Carp czar has huge task of fighting invasive fish

John Goss wasn’t taking the bait. Asked what it’s like to work with bottom-feeders, the Indianapolis man hired by the federal government to create a plan to stop Asian carp from infiltrating the Great Lakes chuckled, paused and said, “The carp are at the very lowest level of the food chain and they’re threatening the whole ecosystem.”

Exactly the kind of diplomatic answer you’d expect from someone who made his reputation in Indiana for 30-plus years as a government servant and environmentalist who works well with all political parties and points of view.

John Goss, Indiana's "carp czar," next to the White River John Goss, pictured at the White River, has held a string of Indiana government jobs. His new federal position focuses on keeping Asian carp out of the Great Lakes. (IBJ Photo/ Perry Reichanadter)

Since the second week of September, Goss, the nation’s Asian carp czar, has been splitting his time among an office in Washington, D.C., near the Old Executive Office Building; the Nature Conservancy office in Indianapolis; and the road around the Great Lakes region. His goal for the next year (and beyond, if necessary): coordinate the state and federal efforts to keep the carp from altering the food chain and causing a potential $7 billion in damage to the fishing industry.

The carp, which can grow to 4 feet long and 100 pounds, escaped from Southern catfish farms in the early ’90s, and have been swimming their way north through the Mississippi River watershed since.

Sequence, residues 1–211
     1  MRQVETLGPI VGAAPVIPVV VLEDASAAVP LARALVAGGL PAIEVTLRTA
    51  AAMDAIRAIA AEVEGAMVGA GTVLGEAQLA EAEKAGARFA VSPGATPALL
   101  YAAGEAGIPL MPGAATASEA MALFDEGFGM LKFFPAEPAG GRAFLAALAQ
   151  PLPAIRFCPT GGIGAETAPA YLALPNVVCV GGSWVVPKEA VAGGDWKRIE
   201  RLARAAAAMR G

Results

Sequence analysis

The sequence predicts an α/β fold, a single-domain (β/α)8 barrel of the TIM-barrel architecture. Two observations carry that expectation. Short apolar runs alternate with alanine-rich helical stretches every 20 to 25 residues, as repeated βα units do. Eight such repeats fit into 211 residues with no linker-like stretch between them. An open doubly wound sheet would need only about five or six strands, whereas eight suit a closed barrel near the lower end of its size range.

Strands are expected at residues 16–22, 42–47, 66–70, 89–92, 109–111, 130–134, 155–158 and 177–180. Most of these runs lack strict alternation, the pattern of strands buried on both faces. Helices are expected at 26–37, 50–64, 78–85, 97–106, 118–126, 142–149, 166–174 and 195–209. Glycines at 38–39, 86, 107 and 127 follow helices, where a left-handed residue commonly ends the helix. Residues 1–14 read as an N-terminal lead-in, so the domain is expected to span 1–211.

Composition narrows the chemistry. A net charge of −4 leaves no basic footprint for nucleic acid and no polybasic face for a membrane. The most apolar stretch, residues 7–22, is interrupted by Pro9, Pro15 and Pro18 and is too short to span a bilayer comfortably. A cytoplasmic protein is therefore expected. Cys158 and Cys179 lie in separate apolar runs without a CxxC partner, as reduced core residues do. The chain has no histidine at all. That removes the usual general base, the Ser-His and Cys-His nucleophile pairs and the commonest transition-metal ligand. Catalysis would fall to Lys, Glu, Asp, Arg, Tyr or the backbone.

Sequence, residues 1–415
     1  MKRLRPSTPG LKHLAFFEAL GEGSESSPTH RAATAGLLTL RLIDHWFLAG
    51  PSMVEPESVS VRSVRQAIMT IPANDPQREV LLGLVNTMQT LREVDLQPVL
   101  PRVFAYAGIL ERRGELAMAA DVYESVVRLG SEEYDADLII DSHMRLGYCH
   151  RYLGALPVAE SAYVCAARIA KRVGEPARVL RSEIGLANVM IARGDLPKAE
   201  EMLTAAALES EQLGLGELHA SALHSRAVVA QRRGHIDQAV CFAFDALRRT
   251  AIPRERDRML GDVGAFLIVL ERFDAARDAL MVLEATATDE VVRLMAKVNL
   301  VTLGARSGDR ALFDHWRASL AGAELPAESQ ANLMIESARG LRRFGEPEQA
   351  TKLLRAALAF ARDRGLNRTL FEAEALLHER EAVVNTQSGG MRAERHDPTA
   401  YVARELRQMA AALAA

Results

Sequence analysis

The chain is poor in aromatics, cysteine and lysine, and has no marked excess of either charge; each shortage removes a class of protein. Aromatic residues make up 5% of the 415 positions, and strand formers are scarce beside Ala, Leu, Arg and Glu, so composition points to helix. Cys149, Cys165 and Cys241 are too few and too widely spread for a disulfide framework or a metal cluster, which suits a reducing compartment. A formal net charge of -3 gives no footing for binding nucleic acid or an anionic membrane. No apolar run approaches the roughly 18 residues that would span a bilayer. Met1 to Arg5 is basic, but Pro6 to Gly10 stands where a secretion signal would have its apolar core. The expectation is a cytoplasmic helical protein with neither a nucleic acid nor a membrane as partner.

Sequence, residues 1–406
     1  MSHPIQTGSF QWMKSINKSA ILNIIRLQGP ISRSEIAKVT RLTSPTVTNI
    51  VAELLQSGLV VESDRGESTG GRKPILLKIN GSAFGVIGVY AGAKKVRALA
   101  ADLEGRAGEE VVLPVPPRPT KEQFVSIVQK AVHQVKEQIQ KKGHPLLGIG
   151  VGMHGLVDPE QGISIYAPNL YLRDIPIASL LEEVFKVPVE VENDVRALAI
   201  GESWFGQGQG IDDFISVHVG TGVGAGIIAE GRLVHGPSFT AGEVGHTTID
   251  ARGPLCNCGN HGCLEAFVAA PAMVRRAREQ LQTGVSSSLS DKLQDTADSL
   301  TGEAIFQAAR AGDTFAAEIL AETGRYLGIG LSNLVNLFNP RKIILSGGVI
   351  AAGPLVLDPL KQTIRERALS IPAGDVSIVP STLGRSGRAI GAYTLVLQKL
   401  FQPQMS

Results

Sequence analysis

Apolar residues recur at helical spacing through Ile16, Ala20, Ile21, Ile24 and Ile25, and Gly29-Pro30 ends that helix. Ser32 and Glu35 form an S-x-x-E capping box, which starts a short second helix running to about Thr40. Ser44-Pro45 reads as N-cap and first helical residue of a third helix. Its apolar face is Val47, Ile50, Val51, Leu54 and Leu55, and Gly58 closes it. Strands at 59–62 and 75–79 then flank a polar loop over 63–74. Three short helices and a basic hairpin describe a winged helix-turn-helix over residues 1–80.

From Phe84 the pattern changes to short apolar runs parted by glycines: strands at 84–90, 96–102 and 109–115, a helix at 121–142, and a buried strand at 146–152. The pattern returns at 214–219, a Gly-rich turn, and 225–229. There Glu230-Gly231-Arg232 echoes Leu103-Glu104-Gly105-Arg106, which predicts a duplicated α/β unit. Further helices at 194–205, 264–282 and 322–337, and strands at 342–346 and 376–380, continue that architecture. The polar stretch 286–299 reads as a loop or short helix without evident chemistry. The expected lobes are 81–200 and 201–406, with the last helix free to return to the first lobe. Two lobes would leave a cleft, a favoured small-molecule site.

In Indiana, the fish has moved into the Wabash and White rivers. It hasn’t reached Indianapolis, but already is in southeastern Indiana.

“Surprisingly,” Goss said, “almost everyone is familiar with Asian carp, particularly from the videos of the jumping carp and even the Wabash River video. It’s a pretty well-recognized problem. I’m very optimistic that with the aggressive strategy that the federal agencies have already begun—and we’re going to be adding the assistance of the states around the Great Lakes next year—that we will be successful in keeping Asian carp from establishing a permanent population.”

Goss, 59, a Columbus native, got the job based on his previous position as executive director of the Indiana Wildlife Federation. When a number of organizations around the Great Lakes talked about the need for someone to coordinate their efforts, the White House asked for a recommendation, and Goss was nominated for the job working for the White House Council on Environmental Quality.

“The minute he told me that someone had suggested him for the position, I knew that he’d get it,” said his wife, Tonya Galbraith. “He has every single credential that makes sense for him to have this job. He gets along with everybody in both parties, always has, and he’s well-thought-of by the people he works with.”

Goss’ consensus-building skills have been evident throughout his career, particularly in his work ushering in the Great Lakes Compact, the agreement among eight states protecting 20 percent of the world’s freshwater. He worked with business, industry, environmental and conservation groups to gain their support, and Gov. Mitch Daniels signed the accord in 2008.